Hanson would go on to suffer a concussion in a car accident the following spring, and he missed time with a back injury in 2012 as well. The result was a 4.48 ERA in 174 2/3 innings, but more troubling was his drop in velocity; Hanson's heater had fallen from an average of 92.7 mph in 2010 to just 89.7 mph in 2012. The Angels elected to gamble on his upside, acquiring him in exchange for an embattled right-hander of their own in Walden.

Things merely got worse for Hanson in the American League. In addition to his injury issues, Hanson suffered the tragic loss of his younger step-brother early in the 2013 season. He missed a full week on the bereavement list and then spent more time away from the game on the restricted list as he tried to cope with the shocking loss. As Hanson told the L.A. Times' Bill Shaikin:

"I was having mental issues with the death of my younger brother. I was just trying to get through it. I didn’t know how to handle it. That was the first time anything like that had ever happened to me. I didn’t know how to cope with it."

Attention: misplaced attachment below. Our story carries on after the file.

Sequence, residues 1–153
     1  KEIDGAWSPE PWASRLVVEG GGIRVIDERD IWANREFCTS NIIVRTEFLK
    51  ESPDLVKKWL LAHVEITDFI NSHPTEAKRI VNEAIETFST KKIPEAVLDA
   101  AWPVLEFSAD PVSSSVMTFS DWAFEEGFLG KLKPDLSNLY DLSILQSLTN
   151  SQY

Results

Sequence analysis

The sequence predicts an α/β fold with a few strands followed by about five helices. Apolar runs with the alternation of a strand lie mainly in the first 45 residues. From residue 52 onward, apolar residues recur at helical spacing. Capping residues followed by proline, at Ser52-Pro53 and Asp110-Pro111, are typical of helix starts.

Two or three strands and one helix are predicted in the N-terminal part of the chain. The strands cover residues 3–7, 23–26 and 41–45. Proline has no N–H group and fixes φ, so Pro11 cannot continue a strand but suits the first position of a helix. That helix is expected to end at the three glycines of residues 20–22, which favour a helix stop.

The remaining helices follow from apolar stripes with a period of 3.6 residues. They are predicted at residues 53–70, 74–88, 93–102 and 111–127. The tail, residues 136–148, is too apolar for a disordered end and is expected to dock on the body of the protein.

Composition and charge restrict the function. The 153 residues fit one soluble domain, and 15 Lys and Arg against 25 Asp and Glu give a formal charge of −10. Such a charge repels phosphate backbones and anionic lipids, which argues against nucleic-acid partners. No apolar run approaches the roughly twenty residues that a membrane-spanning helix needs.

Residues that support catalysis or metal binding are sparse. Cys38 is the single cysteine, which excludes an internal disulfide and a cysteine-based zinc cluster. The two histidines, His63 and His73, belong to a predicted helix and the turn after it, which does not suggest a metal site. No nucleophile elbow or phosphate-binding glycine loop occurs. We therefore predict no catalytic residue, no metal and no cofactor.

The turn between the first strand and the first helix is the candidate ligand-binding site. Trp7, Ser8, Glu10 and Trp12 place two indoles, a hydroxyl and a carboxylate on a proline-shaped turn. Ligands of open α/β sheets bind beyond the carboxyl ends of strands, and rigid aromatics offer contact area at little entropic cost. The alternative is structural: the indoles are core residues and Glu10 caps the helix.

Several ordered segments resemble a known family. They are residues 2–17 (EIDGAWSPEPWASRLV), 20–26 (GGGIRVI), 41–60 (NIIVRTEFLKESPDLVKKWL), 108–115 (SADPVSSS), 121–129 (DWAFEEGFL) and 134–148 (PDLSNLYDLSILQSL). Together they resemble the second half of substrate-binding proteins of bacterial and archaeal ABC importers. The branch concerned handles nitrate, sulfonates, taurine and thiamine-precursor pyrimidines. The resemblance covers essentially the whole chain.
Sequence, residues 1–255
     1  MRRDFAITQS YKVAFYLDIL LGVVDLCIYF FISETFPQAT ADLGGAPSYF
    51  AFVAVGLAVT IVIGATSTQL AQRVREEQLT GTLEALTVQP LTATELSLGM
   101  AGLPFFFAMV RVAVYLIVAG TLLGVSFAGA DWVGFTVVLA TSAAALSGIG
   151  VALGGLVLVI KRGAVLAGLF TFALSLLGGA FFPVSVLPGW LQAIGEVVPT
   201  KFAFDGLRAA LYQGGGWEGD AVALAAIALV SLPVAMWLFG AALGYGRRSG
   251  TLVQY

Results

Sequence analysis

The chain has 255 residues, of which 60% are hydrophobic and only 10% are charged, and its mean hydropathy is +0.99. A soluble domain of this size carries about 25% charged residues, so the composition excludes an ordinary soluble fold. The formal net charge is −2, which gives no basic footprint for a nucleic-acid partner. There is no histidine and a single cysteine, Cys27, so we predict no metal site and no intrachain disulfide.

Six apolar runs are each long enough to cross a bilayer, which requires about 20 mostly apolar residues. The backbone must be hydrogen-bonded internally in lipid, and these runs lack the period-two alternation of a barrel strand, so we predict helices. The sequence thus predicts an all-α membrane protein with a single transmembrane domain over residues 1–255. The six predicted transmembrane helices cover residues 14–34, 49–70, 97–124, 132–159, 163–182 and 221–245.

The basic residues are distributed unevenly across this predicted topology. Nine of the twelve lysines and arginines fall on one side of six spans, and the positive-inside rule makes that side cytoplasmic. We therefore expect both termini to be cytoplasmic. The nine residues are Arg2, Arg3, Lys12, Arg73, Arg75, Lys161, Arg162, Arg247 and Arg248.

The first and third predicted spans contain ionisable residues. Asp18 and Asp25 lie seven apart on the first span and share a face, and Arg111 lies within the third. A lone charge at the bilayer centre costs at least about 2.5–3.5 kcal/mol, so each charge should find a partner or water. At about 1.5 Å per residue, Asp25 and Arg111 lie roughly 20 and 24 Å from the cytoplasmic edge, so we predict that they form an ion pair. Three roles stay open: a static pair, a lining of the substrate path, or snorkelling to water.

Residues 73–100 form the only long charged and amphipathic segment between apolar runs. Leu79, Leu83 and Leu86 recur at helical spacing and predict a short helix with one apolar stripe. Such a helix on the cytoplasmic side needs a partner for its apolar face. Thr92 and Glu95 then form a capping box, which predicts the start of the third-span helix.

Hanson's struggles with the Angels culminated in a 5.42 ERA in 73 innings of work. The Halos non-tendered him in December rather than pay him a small raise in arbitration, and he'll now look to earn a spot in the Rangers' rotation in Spring Training. Texas could certainly use the depth with Matt Harrison coming off a season in which he threw just 10 2/3 innings and Derek Holland out until at least the All-Star break after undergoing microfracture surgery on his knee.

Because Hanson currently has just four years, 97 days of Major League service, the deal has added upside for the Rangers. Should he be able to rediscover his early-career magic in Arlington, the Rangers will control Hanson through 2015 season.

Rangers, Tommy Hanson Progressing Toward Deal